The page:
I see each of these things as ways that I have started acknowledging my privilege, and unraveling my internalized white supremacy, and taking action towards equity and liberation. And there is still so much for me to learn, read, and do. There are so many different ways people can go about this process. I do know that it cannot all happen on our own. Sure, reading and some learning can happen by yourself. But to really push ourselves to grow personally and collectively, we need to step outside of our comfort zone. We need to be willing to be uncomfortable and learn alongside others.
I recently was reminded that I cannot know what I don’t know. This is very simple, yet really important to understand. As a white woman, I really cannot know what I don’t know. And sometimes that means stepping on toes as I learn how to keep going with this work. Sometimes that means having a problematic thing that I’ve said or done be pointed out to me by a person of color and/or sometimes a white person. Is this easy? No. And the more I’ve done it, the more I have gotten over my white fragility. So, now I can say I’m sorry, and decide if it’s appropriate to ask the person calling me in more about what I did and how I can do better. If I can or can’t ask the person calling me in, I can always take to google, and learn more about what the problem was. Basically, it’s guaranteed that someone has written about it.
If I didn’t have these ways of holding myself accountable, I would have no idea how to reduce the amount of harm I do as a white woman. The reality is that left unchecked and unexamined, I will do more harm to people of color whether directly or indirectly, and I will continue to perpetuate the white supremacy of my ancestors. Without this unlearning and accountability as an oppressor, I’d have no idea how to bring my understanding of power and inequity into my personal relationships, the action I take, or the business I am creating. And even then, I have been working with a black femme coach on how to incorporate activism into my leadership and business. This is important for each of us, as white people, as white womxn. For anyone with their own business, in any position of leadership, in any position where there is a power imbalance (coaches, therapists, doctors, health care practitioners of all types, managers, CEO’s, spiritual and religious leaders, etc.), it is 1,000 times more important for us to do this work.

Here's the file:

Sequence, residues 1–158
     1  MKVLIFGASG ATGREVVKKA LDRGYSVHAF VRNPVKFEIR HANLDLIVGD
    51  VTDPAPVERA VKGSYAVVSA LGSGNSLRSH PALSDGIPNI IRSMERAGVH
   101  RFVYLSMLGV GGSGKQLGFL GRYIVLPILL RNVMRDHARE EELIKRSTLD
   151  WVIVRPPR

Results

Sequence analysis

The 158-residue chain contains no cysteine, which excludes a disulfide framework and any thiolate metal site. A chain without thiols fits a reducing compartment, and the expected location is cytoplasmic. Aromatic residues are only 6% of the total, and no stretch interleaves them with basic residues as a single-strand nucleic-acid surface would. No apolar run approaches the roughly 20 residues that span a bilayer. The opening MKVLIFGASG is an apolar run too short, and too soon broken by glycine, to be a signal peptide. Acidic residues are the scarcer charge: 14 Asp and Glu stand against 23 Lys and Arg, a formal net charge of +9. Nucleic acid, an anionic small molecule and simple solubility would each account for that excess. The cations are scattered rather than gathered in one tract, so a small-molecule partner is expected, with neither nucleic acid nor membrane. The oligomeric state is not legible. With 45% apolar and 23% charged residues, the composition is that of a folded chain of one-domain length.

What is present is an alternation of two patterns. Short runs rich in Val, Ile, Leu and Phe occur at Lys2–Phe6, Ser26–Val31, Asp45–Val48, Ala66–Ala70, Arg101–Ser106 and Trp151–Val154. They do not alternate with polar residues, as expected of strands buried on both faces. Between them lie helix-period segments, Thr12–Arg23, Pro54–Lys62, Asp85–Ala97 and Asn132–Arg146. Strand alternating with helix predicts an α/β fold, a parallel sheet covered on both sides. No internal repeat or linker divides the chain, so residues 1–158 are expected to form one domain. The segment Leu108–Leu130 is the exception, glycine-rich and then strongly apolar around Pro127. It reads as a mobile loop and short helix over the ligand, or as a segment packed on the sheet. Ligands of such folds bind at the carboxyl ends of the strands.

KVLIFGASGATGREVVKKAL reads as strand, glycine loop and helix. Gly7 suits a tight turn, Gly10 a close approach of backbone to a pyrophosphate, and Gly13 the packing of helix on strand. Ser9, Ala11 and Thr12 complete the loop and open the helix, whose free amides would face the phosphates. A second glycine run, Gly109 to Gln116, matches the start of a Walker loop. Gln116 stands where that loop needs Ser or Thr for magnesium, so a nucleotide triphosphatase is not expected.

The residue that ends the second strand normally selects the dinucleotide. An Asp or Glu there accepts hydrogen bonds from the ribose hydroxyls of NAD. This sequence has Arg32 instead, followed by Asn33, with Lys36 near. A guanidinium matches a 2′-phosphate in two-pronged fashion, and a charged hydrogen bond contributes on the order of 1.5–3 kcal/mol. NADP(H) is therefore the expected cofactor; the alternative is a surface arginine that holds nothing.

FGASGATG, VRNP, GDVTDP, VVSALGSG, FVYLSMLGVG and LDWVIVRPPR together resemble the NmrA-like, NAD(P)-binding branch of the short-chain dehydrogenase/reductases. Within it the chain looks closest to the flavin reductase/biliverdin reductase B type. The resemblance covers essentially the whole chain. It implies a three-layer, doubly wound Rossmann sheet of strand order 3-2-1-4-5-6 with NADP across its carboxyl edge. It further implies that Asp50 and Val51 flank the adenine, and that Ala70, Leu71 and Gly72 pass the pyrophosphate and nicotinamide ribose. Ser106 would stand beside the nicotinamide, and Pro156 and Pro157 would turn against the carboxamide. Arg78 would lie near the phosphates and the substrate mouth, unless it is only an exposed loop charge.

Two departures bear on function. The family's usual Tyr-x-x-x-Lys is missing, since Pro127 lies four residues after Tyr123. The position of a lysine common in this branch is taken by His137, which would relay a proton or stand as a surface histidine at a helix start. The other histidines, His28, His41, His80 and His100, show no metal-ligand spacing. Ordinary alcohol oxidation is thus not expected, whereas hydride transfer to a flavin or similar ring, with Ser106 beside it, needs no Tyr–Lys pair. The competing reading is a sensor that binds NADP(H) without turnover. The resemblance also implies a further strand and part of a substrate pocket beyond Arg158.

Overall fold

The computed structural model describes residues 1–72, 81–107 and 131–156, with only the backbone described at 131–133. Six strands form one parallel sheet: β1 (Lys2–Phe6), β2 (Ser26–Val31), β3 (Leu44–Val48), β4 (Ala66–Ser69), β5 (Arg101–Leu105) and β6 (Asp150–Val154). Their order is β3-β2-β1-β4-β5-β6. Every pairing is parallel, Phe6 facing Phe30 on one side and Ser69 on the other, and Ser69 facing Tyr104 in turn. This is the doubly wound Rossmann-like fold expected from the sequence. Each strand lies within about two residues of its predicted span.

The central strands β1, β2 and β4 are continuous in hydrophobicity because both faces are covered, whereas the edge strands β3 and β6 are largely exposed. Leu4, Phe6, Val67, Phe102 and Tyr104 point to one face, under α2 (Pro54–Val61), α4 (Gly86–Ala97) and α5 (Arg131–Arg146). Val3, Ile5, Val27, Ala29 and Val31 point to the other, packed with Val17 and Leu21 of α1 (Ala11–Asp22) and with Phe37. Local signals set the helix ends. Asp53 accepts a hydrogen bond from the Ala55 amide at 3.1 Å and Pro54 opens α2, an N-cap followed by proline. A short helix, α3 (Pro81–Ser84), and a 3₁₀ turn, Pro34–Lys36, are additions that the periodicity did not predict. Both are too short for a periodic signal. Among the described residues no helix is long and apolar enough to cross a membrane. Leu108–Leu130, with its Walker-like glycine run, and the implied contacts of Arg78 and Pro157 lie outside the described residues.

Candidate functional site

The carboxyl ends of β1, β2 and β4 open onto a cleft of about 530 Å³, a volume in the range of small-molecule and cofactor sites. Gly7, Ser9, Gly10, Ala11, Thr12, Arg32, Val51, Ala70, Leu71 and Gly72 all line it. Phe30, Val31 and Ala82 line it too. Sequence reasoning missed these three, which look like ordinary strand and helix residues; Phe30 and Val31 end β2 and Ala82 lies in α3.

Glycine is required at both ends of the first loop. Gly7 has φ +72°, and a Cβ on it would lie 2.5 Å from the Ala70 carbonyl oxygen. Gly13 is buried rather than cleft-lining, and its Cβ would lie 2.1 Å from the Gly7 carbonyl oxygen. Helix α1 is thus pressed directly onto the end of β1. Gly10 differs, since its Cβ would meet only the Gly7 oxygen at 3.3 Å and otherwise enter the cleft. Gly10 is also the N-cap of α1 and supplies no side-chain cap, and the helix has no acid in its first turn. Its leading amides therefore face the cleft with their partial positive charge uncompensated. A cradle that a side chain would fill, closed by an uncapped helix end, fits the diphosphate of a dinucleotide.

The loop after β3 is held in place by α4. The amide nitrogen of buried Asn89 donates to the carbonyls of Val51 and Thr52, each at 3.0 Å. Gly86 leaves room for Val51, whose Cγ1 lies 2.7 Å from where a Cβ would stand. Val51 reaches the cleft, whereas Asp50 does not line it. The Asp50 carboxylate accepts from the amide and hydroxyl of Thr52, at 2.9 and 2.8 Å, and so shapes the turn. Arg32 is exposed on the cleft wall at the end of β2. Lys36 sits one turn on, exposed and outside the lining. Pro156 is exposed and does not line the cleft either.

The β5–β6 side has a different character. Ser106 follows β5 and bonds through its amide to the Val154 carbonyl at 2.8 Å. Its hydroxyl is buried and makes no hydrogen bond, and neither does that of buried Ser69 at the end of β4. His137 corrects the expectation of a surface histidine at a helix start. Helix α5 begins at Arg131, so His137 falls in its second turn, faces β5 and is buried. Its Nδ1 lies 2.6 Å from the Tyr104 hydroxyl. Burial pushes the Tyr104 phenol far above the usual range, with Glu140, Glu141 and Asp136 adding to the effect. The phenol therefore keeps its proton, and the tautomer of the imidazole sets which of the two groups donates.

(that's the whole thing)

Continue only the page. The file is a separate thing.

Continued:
An example of what can happen if we don’t do our work, recently unfolded in an online Facebook group called We Are the Culture Makers which was led by Kelly Diels, a white womxn. Many womxn of color left her group after providing another round of emotional labor where she didn’t step in as a leader until too late. They also realized their interactions with Ms. Diels were quite transactional. If you want to read about the events, Alexis P. Morgan wrote about her experience in this essay On The Saga Of Kelly Diels: Straight, No Chaser and this one The Faceless: On Whiteness & Emotional Assassination. Ms. Morgan writes about another way that white womxn can be harmful through the persona of the spiritual white womxn. Living in Portland, Oregon, hell living in NE Ohio, I’ve known and seen my fair share of spiritual white womxn. Even more honestly, I used to be one. We, white womxn, have been letting black and brown womxn down for a really long time. At least hundreds of years, if not thousands.